Proving a Trademark Licence


3082833 Nova Scotia Company v. Lang Michener LLP and Registrar of Trade-marks illustrates the importance of providing evidence of any licences in place when confronted with a summary expungement under section 45 of the Trademarks Act:  an evidentiary burden that is not difficult to meet.

3082833 Nova Scotia Company (“3082”) owned the registered mark ENTRE NOUS for use in association with “telecommunication services, namely long distrance telephone services”.  The mark was originally owned and used by 3362426 Canada Inc. (“3362”) carrying on business as Primus Telecommunications Canada Inc. (“PTC”).  3082 acquired the mark in the course of a reorganization and the mark was used by PTC, which had become 3082’s wholly owned subsidiary.

In response to a section 45 summary expungement, 3082 put forward invoices issued by PTC as evidence of use, but the Registrar concluded that they only referred to “Primus Canada” and there was no evidence that 3362 or 3082 had used the mark and no evidence of a licence.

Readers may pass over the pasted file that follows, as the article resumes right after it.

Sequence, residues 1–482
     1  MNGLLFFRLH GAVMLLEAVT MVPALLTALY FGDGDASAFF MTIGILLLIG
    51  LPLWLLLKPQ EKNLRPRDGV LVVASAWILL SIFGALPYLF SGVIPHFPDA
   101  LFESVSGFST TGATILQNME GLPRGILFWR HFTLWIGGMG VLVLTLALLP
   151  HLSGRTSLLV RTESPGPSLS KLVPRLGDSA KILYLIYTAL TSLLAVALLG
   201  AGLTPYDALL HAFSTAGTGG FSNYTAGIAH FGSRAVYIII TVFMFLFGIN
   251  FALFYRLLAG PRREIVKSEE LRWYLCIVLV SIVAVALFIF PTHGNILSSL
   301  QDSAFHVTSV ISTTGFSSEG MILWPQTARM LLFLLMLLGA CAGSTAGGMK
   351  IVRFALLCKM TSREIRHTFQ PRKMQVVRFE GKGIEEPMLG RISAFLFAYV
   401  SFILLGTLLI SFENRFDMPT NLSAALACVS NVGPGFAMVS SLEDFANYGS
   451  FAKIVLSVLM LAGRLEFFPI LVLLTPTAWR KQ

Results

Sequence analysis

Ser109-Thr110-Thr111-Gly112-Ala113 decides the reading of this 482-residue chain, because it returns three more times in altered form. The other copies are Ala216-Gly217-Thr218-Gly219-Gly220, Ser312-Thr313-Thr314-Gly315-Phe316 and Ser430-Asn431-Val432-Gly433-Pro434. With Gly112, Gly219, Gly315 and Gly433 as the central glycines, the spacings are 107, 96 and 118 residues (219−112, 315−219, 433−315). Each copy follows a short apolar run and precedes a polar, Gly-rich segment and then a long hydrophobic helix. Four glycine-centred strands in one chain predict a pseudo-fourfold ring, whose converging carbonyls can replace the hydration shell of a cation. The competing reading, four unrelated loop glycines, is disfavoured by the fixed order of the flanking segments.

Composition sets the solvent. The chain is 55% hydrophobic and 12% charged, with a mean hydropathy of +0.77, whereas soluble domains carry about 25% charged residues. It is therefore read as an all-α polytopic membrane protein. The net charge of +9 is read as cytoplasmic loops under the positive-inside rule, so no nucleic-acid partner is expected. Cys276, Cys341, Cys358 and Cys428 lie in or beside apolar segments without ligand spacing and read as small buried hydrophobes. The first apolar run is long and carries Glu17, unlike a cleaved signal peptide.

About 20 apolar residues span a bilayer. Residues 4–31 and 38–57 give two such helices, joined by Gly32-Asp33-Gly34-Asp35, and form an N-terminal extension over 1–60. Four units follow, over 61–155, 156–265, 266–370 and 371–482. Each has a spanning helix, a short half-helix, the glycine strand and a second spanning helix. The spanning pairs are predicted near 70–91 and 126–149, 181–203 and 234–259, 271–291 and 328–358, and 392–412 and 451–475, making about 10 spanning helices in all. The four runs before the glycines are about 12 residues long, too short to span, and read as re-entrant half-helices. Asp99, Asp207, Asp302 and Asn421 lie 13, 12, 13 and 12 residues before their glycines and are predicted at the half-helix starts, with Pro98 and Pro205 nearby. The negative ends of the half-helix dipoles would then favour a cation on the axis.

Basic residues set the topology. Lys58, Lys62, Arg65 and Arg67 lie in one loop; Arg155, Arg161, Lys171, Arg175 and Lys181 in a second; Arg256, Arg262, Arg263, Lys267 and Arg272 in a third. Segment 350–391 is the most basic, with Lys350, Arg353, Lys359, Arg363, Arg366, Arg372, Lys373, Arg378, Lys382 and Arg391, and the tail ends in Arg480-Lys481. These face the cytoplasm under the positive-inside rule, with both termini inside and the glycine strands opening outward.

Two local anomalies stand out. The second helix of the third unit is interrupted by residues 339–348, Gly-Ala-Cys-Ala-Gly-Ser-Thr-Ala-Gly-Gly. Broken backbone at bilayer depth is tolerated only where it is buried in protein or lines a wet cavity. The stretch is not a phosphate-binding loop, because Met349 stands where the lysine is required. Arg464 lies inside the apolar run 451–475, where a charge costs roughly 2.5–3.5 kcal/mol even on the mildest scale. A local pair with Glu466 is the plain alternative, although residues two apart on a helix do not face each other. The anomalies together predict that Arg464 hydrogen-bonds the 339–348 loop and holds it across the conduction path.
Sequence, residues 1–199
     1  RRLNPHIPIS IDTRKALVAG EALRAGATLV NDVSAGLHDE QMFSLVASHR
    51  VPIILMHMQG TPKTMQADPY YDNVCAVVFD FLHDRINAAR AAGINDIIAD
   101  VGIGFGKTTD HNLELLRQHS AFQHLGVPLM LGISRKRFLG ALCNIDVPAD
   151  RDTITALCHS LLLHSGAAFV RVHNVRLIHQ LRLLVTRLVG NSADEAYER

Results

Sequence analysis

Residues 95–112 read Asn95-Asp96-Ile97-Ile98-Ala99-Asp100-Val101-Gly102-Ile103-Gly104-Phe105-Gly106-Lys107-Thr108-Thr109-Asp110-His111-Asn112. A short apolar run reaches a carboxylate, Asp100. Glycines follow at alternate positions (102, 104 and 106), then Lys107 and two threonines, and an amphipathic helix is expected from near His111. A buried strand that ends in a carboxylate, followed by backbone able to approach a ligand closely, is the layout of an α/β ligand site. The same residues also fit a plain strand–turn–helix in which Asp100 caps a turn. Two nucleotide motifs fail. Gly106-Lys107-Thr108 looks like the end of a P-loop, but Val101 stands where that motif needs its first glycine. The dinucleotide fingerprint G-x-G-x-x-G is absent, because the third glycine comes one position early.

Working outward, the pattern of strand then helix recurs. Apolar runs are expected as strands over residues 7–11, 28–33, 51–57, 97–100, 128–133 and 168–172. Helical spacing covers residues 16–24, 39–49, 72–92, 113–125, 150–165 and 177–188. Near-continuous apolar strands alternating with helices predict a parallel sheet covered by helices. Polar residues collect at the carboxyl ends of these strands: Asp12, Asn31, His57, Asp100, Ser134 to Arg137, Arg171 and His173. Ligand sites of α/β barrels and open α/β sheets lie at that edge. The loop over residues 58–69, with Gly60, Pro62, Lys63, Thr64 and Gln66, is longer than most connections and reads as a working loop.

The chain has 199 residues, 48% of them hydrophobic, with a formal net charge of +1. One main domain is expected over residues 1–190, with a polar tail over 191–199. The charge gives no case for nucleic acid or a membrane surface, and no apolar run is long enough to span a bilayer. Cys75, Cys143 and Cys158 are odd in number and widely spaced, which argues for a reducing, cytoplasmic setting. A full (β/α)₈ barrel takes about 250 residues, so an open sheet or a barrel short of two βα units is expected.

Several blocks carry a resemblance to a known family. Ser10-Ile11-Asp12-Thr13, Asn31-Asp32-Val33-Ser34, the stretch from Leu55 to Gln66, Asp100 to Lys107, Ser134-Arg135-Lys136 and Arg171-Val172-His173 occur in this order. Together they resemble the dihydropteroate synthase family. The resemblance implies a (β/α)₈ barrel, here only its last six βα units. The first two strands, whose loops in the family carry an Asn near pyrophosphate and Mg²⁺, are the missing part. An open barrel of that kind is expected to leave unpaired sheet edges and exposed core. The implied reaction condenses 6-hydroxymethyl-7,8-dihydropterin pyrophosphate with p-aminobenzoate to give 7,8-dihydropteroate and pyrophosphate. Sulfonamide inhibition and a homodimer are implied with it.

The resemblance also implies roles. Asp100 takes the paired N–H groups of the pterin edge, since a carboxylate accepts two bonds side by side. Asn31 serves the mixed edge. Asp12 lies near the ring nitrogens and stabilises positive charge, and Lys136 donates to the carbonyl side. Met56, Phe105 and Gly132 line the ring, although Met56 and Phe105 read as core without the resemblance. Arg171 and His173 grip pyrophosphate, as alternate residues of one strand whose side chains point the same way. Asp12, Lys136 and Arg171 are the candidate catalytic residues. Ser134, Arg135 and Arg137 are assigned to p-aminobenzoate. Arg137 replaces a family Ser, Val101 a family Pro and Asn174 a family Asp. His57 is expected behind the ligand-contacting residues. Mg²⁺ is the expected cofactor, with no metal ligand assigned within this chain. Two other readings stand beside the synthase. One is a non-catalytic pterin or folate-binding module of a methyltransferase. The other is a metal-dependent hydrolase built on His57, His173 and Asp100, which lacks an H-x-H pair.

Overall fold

On appeal, 3082 filed a further affidavit stating that PTC was licenced by 3082 to use ENTRE NOUS.  This was all the evidence the Court required and the appeal was allowed.  In its reasons, the Court addressed the section 45 requirement that the owner must show use, as well as section 50, the licensing provision, which allows an owner to show use where a trademark is used by a party that is licensed or authorized to do so by the owner and the owner retains control of the character or quality of the wares.

In considering 3082’s reliance on the licence, the Court briefly reviewed the case law regarding licences as evidence of use noting that it is not necessary to produce a formal licensing agreement to prove the existence of a licence under section 50 (Wells’ Dairy, Inc. v. U L Canada Inc. and TGI Friday’s of Minnesota, Inc. v. Canada (Registrar of Trade Marks), that a licensing agreement can be inferred from the facts and that the agreement need not be in writing (Cushman & Wakefield, Inc. v. Wakefield Realty Corp.); and that common control between companies is not sufficient proof (Cheung Kong (Holdings) Ltd. v. Living Realty Inc.) and evidence of control must also be adduced.